With these standards in place, our educators and our students have a road map to guides our students to a successful future. It is a set of standards that makes sure that our students are preparing for a bright future from an early age. By integrating technology into the classroom, we help teachers improve student learning with programs that support data-driven instruction, flexible grouping, and personalized learning through rich digital content.
What are your thoughts on education in general these days? Are you optimistic? If so, what makes you say yes?
Kaya: I am very optimistic about the future of education. Part of this job as chancellor allows me to be a part of conversations around the world about education, about the future for our young people and what we can do to give them the skills to grow, to thrive and to lead. In DC, we no longer accept an education system that was defined 100 years ago. We’re defining success in the 21st century and plowing ahead, creating an education system that recognizes both the challenges our students face and the realities of where they need to go. And every indication has shown us that what we are doing is working. I have the greatest job in the world – I wake up every morning excited about the change we’re bringing for our students. What else could you ask for?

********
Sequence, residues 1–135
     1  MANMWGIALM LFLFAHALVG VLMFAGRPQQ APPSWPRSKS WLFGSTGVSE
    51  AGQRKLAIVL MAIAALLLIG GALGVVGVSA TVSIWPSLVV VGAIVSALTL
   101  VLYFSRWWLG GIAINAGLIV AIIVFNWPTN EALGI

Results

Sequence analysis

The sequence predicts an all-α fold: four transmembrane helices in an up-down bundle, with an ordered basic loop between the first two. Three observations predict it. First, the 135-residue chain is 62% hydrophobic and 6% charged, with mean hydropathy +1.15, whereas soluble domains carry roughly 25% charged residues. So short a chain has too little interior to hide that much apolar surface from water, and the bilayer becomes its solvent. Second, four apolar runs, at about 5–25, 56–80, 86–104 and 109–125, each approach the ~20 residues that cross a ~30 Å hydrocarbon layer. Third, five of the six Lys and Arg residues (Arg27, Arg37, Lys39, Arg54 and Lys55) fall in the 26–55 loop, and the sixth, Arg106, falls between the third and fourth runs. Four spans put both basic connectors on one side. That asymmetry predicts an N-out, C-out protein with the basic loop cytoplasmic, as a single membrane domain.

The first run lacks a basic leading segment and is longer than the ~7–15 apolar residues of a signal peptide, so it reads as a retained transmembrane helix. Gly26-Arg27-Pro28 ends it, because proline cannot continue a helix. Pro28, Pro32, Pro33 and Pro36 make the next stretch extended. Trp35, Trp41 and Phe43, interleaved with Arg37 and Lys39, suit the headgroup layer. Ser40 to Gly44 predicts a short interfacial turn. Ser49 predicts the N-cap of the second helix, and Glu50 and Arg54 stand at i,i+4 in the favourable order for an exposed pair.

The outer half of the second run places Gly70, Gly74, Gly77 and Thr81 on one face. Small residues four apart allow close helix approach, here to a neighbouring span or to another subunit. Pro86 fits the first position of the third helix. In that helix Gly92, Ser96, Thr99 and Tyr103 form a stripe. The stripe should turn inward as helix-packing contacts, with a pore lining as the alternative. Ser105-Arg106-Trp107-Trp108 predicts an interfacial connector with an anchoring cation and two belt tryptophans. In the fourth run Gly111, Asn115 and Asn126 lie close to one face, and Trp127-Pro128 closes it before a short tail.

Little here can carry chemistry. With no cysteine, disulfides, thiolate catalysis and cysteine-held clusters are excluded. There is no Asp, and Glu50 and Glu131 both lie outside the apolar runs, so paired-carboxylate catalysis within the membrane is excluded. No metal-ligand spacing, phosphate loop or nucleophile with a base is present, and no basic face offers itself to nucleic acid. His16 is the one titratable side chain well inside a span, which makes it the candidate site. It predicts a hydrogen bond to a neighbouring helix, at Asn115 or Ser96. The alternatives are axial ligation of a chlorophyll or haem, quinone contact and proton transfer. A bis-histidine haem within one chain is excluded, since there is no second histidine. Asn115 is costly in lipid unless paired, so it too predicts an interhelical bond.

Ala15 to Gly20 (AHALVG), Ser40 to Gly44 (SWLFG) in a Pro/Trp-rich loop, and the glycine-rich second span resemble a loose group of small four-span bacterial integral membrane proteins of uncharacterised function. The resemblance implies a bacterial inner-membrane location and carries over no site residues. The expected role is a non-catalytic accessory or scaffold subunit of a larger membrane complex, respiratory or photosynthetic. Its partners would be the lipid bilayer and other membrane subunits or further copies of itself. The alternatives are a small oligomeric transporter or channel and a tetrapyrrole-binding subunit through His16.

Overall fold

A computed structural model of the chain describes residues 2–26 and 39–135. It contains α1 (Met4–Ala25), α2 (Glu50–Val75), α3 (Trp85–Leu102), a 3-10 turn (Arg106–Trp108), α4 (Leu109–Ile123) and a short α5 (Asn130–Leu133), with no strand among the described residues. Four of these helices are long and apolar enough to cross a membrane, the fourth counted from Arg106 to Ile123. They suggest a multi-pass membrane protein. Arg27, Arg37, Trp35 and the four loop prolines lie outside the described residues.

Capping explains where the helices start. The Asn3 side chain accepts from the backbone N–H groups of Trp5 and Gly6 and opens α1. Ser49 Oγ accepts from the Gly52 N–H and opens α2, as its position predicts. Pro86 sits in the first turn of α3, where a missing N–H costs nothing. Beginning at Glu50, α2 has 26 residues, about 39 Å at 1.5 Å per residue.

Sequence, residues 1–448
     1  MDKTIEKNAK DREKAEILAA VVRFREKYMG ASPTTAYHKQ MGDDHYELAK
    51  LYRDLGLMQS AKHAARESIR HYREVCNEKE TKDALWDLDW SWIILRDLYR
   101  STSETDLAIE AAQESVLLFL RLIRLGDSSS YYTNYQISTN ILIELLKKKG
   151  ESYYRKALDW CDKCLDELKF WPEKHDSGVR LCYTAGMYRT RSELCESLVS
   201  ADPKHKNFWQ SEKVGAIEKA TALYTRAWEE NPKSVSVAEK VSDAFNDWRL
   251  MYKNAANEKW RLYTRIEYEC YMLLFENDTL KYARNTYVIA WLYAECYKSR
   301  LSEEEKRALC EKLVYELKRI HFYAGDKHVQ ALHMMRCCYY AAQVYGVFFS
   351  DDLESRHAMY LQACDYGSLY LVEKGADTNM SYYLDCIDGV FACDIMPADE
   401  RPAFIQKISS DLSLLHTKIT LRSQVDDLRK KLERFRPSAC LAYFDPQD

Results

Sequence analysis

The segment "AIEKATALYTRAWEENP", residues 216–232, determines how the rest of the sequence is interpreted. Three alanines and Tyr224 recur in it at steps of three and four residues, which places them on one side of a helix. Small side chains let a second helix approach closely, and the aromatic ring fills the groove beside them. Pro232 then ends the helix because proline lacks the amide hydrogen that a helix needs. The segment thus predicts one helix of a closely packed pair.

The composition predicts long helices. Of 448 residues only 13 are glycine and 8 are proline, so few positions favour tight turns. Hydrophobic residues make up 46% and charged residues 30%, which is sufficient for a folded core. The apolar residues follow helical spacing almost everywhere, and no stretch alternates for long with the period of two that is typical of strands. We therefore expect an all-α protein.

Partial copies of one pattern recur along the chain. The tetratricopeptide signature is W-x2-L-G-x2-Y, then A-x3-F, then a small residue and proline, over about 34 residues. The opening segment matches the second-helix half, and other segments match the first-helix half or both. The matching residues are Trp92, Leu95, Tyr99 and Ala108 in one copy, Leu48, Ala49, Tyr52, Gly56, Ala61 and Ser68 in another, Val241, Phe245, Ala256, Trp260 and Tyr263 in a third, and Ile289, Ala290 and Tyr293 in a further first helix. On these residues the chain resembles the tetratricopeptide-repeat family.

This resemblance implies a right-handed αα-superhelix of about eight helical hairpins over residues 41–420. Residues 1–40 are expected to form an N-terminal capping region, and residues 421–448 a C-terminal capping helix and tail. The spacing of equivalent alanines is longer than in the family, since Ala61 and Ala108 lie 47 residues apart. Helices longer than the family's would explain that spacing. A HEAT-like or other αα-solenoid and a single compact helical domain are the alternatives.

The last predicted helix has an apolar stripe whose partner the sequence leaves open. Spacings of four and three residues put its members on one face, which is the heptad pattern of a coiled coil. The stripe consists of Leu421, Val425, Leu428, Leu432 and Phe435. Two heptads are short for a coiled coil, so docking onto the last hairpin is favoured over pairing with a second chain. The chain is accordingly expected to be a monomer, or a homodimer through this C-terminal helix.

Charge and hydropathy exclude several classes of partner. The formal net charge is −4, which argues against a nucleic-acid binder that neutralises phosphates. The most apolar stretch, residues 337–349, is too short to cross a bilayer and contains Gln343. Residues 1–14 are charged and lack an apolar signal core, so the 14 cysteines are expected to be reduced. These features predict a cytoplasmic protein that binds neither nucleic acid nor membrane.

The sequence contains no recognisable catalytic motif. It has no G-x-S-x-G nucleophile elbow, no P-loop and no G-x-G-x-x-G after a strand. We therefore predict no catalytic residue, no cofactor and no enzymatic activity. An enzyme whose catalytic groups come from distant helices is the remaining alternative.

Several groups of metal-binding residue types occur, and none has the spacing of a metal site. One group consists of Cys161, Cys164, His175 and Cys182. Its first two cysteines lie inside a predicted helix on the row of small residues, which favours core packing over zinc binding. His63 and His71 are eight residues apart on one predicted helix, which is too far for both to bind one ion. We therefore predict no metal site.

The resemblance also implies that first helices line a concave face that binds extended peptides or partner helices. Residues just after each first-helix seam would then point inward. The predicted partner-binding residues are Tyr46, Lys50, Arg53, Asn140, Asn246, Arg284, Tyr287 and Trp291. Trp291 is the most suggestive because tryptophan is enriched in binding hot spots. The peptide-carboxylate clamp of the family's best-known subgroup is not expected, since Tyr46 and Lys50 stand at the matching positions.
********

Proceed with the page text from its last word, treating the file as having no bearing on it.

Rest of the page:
Victor Rivero is the Editor in Chief of EdTech Digest. Write to: email@example.com